NOTE: Sometimes things make sense to me and to no one else. If any part of this doesn’t make sense to you, or you think there’s a better way to write it, please let me know (nicely) and I’ll do my best to fix it.
This is the second mat I made for Addie. They are so very simple. There’s no “right” or “wrong” way to make them . . just so they turn out right.
Here’s how I made them.
First, I made a regular pillowcase using Mary’s instructions which can be found here. Mary has excellent pictures and her instructions are correct and easy to follow. So, I made a pillowcase using her instructions (one regular size pillowcase) and then I stuck one of the pillows I had bought at Walmart in that pillowcase. I wanted the pillows in the mat to be just a tad tighter than in a regular pillow case, so as to keep them plump (you know .. kinda like me in my jeans that are too tight). Oh, wait .. you didn’t need to think about that, did you? Sorry!
Suggestion: If you are not familiar with making the pillowcases using the method I think some call the “hot dog” or “sausage” method, do yourself a favor: Before you start the mat, make one regular pillowcase following Mary’s instructions.
The regular pillowcase came out to be 20″ wide and about 30″ long so I wanted my mat “cases” to each be almost but not quite 19″ wide.
Suggestion: Decide which pillows you might want to use and stick them in a regular pillowcase. Measure the width of the regular pillowcase and determine how much narrower you want your mat cases to be.
Since on a regular pillowcase, you’re folding the width of the fabric and the accent strip will be on both the front and the back, you’ll have to add two accent strips to the mat (one on the left long side and one on the right long side). This is what it looked like before I sewed the top and bottom seams closed (which was done with a French seam but you can do it any way you wish).
On the first mat that I made, my plan was make the front flap longer, add buttonholes and buttons and close the flap over the pillow but once I got the pillows in there, I decided the buttonholes and buttons were not necessary, which makes it a whole lot easier and less expensive to make because buttons are not cheap!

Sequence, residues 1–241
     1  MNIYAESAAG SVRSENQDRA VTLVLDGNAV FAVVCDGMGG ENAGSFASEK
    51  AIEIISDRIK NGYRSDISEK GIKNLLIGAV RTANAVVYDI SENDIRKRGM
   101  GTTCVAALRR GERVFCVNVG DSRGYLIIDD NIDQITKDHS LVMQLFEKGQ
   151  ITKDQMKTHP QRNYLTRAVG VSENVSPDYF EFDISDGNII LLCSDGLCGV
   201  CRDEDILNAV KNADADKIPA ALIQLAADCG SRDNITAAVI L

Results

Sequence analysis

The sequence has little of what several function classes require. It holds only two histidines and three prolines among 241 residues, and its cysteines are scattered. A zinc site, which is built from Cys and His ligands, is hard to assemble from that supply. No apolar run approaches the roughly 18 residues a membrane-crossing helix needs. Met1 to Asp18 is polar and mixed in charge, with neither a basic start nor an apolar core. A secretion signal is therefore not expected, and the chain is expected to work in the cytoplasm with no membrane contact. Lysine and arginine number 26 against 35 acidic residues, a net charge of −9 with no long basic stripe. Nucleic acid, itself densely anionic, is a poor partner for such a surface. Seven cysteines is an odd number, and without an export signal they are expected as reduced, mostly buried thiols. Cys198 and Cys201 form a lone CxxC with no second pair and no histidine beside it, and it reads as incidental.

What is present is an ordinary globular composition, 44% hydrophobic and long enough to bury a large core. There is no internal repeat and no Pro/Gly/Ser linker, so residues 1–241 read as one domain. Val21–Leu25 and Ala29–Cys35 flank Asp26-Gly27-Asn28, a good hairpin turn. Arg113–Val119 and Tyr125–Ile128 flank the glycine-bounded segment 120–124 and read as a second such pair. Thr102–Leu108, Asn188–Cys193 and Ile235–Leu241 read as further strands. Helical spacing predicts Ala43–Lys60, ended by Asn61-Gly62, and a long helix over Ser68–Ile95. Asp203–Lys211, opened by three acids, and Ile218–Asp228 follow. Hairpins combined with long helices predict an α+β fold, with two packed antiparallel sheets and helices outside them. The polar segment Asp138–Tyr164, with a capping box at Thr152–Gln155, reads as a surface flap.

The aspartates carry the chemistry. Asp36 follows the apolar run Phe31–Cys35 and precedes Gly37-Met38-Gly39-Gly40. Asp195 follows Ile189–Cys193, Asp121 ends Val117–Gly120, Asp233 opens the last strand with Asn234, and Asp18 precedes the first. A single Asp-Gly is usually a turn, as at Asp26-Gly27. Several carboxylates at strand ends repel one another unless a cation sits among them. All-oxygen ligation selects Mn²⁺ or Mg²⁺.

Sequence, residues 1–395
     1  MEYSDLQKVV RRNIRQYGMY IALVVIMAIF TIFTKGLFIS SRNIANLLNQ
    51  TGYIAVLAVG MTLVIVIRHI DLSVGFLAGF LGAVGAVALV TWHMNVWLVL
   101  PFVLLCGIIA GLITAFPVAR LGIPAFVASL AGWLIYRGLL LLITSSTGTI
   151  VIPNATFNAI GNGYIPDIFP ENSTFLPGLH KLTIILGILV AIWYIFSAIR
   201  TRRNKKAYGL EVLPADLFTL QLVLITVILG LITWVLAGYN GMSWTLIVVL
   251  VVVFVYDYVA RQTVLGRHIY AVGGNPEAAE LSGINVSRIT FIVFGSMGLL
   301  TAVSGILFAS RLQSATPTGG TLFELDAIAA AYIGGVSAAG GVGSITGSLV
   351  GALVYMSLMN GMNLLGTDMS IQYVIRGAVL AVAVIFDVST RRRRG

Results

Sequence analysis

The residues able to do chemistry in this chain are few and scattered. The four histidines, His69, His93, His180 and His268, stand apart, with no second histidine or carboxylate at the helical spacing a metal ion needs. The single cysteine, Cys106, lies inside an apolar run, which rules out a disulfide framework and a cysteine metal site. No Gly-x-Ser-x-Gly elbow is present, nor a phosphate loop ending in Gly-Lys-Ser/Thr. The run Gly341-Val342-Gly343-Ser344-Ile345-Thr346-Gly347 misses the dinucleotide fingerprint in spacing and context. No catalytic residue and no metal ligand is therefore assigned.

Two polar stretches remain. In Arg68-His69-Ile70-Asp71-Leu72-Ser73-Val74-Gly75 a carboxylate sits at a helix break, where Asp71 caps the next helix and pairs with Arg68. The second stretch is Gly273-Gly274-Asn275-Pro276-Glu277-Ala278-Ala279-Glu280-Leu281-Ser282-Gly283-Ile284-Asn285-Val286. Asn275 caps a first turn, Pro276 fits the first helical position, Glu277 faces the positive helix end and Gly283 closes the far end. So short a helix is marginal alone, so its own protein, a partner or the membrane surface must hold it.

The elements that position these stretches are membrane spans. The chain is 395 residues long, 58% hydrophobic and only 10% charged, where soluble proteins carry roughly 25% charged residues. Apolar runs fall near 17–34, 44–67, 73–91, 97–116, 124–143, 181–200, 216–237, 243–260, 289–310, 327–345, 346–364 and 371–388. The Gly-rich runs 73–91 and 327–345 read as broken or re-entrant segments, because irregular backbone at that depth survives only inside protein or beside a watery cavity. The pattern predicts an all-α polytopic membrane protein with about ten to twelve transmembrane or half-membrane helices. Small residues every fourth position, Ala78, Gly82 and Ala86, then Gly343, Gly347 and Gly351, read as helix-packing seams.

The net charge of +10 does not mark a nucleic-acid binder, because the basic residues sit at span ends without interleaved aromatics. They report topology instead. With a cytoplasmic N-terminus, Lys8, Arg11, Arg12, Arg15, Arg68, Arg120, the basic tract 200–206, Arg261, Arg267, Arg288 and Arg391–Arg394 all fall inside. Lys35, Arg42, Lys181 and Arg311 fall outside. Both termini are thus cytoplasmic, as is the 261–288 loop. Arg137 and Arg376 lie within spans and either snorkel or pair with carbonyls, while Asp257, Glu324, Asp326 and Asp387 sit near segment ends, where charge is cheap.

Also, on the first one, I did not add an accent strip. It’s up to you. The instructions will be the same but you’ll just leave off the part that pertains to the accent strip.
Suggestion: If you’re going to make several of these, choose fabrics that can all use the same accent fabric. You’re only cutting two 3″ strips but you need 79″ of fabric if you don’t want to piece it.
Main fabric: 79″ x width of fabric (that’s the amount of fabric you actually need so purchase more if you’re going to (1) wash it prior to using and (2) square the ends. I recommend doing both.
Accent strip: 2 – 3″ x width of fabric strips.
Cuff: 2 – 20″ x 79″ strips.
Suggestion: If you have a walking foot, use it for the entire project.
1. Fold the accent strips in half and press (so you have two pieces that are each 1-1/2″ x 79″.
2. Press your fabric in half so that you have 1/2 width of fabric x 79″ and put a good crease on that fold line.
3. Follow Mary’s instructions/pictures and sew the accent strip/cuff to each long side of the main fabric.
4. Using a French seam (or whatever you prefer), sew up the two ends (which will be the top and bottom of the mat). You will now have a piece that measures about 30″ x 77″ (it doesn’t have to be exact . . just wanted to be sure you were sewing the right ends together.
5. Once those ends are sewn together, fold it in half so that you have about 30″ x 38.5″. Mark that fold line and stitch from the top of the cuff down to the fold line. This divides the mat in half lengthwise.
6. Measure what’s left from the center to each end. It should be about 19″. Mark that center spot, which is 1/4 of the mat. Sew a line from the top of the cuff to the fold line. Do that for both ends and you have a pillow mat with four slots for pillows.
Suggestion: I did a double row of stitches for those dividing lines just to strengthen it a bit.